It is evening. The man next door is pummeling his wife, slapping and hitting. You hear her screams faintly rise above the sound of the generators. But you know by the simple fact of their daily routine of violence that it is not your business. So, you gulp down your pity, pull out your laptop and Netflix your way out of their problems.
Or maybe it is the colleague at work, the same one with his swollen belly, greyed moustache and midlife crisis who has decided to make the receptionist his latest conquest, a thing to be picked and toyed with, demanding sex in exchange of favours. This scenario, too, is familiar because he has done it before, with the accountant and the HR analyst and the intern from three years ago. But again, it is also not your business. ‘Men are scum.’ You try to convince yourself every evening as you drive away from the young receptionist’s personal problems.
The Look of Injustice
There is a way injustice sits and lives with us, a way we have mastered how to look away – professional minders of our business when abuse is happening. It is not a deliberate or malicious stance, mostly. But this is Nigeria. And a man would be excused almost anything relating to how he treats women. For many of us, our fathers wounded us. Our brothers reminded us of the ‘secondariness’ of our existence, coming always only closely after them. Our husbands hit us then chased after young receptionists at work. Still, we learnt to respond by perfecting the virtue of endurance, bending ourselves to give more and more to certain men who will never get full. All women are strong, right? Another lie we celebrate.
Recently, I read the horrible #AbujaRaidonWomen story on Twitter about young women allegedly picked from the club and raped by Police Officers who used pure water bags as condoms. Some accounts say it was a brothel and that these women were prostitutes. The prostitute part was dangled during on and offline conversations, as though a woman’s choice of life is justification for the violence she faces.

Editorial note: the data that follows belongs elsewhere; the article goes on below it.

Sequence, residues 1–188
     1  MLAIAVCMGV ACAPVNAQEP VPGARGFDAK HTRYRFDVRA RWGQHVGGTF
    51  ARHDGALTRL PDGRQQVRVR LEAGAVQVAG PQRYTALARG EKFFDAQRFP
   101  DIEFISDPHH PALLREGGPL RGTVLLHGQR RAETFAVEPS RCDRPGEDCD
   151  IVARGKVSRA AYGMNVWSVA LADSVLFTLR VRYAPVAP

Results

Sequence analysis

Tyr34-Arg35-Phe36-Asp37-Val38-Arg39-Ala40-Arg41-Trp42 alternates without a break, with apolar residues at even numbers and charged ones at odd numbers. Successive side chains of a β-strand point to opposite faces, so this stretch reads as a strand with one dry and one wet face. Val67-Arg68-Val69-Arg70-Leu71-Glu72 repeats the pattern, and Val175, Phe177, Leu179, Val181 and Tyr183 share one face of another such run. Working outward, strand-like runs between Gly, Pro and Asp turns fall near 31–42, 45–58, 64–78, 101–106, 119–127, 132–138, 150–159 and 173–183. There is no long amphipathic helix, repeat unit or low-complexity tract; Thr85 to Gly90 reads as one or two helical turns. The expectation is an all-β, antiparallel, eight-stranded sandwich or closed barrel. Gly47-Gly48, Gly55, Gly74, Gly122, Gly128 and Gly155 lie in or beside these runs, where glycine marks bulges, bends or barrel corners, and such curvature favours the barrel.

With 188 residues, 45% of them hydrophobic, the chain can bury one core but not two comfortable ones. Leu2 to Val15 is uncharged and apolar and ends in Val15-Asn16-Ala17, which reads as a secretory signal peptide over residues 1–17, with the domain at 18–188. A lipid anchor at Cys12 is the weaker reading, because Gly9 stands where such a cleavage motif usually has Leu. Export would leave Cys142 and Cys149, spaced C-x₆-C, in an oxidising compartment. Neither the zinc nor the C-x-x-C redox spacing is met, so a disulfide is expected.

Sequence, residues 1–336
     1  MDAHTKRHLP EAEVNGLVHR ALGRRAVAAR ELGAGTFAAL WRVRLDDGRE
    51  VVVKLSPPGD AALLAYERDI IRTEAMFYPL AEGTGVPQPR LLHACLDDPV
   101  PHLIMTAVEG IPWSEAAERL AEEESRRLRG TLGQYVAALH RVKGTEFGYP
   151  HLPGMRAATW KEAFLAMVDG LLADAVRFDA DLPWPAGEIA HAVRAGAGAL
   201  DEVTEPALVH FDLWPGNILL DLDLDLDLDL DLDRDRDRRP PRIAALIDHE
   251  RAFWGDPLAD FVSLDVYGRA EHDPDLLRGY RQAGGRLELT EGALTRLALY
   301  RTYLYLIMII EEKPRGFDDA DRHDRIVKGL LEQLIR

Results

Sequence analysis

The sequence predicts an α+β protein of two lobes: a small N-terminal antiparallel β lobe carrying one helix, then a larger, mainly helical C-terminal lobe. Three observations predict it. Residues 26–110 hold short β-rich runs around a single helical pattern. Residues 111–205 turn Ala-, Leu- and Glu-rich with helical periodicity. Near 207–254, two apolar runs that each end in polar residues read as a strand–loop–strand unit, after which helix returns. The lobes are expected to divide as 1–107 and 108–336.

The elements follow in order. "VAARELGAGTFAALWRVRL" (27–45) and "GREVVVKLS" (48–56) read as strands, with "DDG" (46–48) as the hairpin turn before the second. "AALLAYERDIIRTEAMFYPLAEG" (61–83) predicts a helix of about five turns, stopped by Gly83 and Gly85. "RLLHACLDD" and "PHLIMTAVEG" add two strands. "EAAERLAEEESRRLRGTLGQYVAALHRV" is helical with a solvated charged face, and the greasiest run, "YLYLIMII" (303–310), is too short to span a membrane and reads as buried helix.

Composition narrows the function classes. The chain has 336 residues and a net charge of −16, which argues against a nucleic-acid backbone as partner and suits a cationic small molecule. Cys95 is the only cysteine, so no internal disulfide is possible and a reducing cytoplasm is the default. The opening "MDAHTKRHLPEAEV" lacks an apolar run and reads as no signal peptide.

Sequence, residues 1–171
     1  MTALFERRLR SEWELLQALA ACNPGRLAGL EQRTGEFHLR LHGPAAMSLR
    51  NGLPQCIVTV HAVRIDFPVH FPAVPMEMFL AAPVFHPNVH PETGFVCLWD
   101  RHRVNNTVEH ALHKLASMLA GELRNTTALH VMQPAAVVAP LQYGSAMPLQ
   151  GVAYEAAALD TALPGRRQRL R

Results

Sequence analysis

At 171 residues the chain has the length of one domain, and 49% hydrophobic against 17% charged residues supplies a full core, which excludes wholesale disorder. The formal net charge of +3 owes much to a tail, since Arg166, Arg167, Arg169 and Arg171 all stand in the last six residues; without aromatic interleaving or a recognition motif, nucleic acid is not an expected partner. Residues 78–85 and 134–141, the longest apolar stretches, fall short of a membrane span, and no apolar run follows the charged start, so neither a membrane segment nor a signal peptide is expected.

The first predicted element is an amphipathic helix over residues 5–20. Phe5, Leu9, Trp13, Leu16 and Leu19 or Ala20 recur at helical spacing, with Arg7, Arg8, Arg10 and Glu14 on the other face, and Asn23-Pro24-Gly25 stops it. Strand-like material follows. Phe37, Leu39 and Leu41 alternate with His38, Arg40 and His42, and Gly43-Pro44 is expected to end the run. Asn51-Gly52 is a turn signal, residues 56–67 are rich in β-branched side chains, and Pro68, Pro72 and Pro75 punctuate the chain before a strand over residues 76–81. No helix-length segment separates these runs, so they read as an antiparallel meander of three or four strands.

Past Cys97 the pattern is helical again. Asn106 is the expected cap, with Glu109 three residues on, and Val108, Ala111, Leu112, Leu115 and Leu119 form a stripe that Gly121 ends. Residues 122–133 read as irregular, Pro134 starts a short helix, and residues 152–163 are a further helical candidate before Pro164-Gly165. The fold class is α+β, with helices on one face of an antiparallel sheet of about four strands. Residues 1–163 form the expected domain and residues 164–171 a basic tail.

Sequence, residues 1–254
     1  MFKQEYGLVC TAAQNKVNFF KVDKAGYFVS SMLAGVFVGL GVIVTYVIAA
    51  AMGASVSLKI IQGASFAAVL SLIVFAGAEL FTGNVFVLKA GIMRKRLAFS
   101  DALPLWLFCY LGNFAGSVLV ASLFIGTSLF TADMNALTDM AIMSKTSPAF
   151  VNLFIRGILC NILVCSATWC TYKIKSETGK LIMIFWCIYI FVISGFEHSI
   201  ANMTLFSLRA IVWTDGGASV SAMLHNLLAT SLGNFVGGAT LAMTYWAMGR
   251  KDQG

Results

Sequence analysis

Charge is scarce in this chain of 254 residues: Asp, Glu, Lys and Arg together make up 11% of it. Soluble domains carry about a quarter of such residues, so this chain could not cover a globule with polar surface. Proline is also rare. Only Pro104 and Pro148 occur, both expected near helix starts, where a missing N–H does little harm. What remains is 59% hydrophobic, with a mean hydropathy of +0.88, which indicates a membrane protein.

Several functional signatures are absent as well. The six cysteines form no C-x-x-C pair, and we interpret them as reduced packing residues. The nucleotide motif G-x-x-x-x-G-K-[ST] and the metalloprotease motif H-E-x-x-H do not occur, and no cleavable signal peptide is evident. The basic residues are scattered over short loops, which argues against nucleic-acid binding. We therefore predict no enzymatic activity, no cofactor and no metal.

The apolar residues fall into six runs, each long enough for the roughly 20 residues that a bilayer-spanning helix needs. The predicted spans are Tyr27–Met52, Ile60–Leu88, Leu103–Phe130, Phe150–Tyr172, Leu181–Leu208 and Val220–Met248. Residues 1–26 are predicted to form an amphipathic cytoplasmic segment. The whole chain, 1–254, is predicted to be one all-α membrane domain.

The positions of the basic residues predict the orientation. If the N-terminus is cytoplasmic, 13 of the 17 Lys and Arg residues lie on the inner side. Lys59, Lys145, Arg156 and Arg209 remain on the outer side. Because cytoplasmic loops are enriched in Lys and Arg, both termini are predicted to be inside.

I am glad to see protests happening on Twitter and on the streets of Lagos. Especially because a few years ago, people first complained about similar raids targeted at women in Abuja. But those with the real power to effect change chose silence, did nothing. So ye, I am glad, that even though some people were asked to mind their business when they expressed their outrage online, they still refused to stay silent. Or to look away. I am glad that we as women, as humans, are unlearning what it means to face our front. Because injustice that is not addressed in the society will keep collecting and collecting until it takes from all of us.
We should all join a protest where we can. Speak up online–trust me, it counts. The insensitive Police Complaints rep who went on about the women being prostitutes (without proof) has been redeployed after an outcry on social media. You may not be able to join a protest or speak online (we all have different personalities, anxieties, and don’t have to contribute in the same ways) but there are other things you can do. Start by giving yourself permission to feel. Resist the impulse to drown out the emotions. Linger a little more on this news of violence. Next time, listen to the woman complaining of abuse. Believe her. And most importantly, ask myself, more consciously and more consistently: How has my silence empowered abusers? How can I make a difference?